## Documentation |

This example shows how a simple, well-known mathematical problem, the Mandelbrot Set, can be expressed in MATLAB® code. Using Parallel Computing Toolbox™ this code is then adapted to make use of GPU hardware in three ways:

Using the existing algorithm but with GPU data as input

Using

`arrayfun`to perform the algorithm on each element independentlyUsing the MATLAB/CUDA interface to run some existing CUDA/C++ code

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The values below specify a highly zoomed part of the Mandelbrot Set in the valley between the main cardioid and the p/q bulb to its left.

A 1000x1000 grid of real parts (X) and imaginary parts (Y) is created between these limits and the Mandelbrot algorithm is iterated at each grid location. For this particular location 500 iterations will be enough to fully render the image.

maxIterations = 500; gridSize = 1000; xlim = [-0.748766713922161, -0.748766707771757]; ylim = [ 0.123640844894862, 0.123640851045266];

Below is an implementation of the Mandelbrot Set using standard MATLAB commands running on the CPU. This is based on the code provided in Cleve Moler's "Experiments with MATLAB" e-book.

This calculation is vectorized such that every location is updated at once.

% Setup t = tic(); x = linspace( xlim(1), xlim(2), gridSize ); y = linspace( ylim(1), ylim(2), gridSize ); [xGrid,yGrid] = meshgrid( x, y ); z0 = xGrid + 1i*yGrid; count = ones( size(z0) ); % Calculate z = z0; for n = 0:maxIterations z = z.*z + z0; inside = abs( z )<=2; count = count + inside; end count = log( count ); % Show cpuTime = toc( t ); fig = gcf; fig.Position = [200 200 600 600]; imagesc( x, y, count ); axis image colormap( [jet();flipud( jet() );0 0 0] ); title( sprintf( '%1.2fsecs (without GPU)', cpuTime ) );

When MATLAB encounters data on the GPU, calculations with that data are performed on the GPU. The class `gpuArray``gpuArray` provides GPU versions of many functions that you can use to create data arrays, including the `linspace``linspace`, `logspace``logspace`, and `meshgrid``meshgrid` functions needed here. Similarly, the `count` array is initialized directly on the GPU using the function `ones``ones`.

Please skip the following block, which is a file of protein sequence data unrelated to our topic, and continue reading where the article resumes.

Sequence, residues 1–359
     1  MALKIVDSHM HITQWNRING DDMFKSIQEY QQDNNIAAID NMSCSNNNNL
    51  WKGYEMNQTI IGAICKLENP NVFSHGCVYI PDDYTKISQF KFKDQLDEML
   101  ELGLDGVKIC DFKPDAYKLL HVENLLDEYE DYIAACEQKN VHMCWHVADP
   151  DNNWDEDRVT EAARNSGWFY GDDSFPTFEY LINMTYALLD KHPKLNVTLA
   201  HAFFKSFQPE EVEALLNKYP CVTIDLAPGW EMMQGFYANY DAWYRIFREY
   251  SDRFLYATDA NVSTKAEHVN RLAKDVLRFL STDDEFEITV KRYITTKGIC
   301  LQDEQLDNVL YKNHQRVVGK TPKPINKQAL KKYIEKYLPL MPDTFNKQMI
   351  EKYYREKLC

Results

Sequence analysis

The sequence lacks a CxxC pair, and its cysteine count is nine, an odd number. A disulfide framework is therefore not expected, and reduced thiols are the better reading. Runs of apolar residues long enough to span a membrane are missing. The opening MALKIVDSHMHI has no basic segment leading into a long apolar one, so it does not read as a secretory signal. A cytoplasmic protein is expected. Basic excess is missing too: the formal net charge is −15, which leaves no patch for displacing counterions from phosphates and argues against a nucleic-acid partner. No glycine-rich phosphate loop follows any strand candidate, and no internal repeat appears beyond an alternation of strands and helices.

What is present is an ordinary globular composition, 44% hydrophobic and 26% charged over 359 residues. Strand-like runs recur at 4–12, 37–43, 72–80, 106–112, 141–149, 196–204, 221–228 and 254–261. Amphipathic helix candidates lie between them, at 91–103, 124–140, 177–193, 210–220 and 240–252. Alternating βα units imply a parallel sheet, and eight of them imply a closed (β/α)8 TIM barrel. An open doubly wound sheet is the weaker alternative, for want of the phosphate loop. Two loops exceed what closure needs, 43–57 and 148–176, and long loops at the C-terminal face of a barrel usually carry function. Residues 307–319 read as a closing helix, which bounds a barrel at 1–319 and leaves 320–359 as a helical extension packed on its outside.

With these changes to the data initialization the calculations will now be performed on the GPU:

% Setup t = tic(); x = gpuArray.linspace( xlim(1), xlim(2), gridSize ); y = gpuArray.linspace( ylim(1), ylim(2), gridSize ); [xGrid,yGrid] = meshgrid( x, y ); z0 = complex( xGrid, yGrid ); count = ones( size(z0), 'gpuArray' ); % Calculate z = z0; for n = 0:maxIterations z = z.*z + z0; inside = abs( z )<=2; count = count + inside; end count = log( count ); % Show count = gather( count ); % Fetch the data back from the GPU naiveGPUTime = toc( t ); imagesc( x, y, count ) axis image title( sprintf( '%1.3fsecs (naive GPU) = %1.1fx faster', ... naiveGPUTime, cpuTime/naiveGPUTime ) )

Noting that the algorithm is operating equally on every element of the input, we can place the code in a helper function and call it using `arrayfun``arrayfun`. For GPU array inputs, the function used with `arrayfun` gets compiled into native GPU code. In this case we placed the loop in `pctdemo_processMandelbrotElement.m``pctdemo_processMandelbrotElement.m`:

function count = pctdemo_processMandelbrotElement(x0,y0,maxIterations) z0 = complex(x0,y0); z = z0; count = 1; while (count <= maxIterations) && (abs(z) <= 2) count = count + 1; z = z*z + z0; end count = log(count);

Note that an early abort has been introduced because this function processes only a single element. For most views of the Mandelbrot Set a significant number of elements stop very early and this can save a lot of processing. The `for` loop has also been replaced by a `while` loop because they are usually more efficient. This function makes no mention of the GPU and uses no GPU-specific features - it is standard MATLAB code.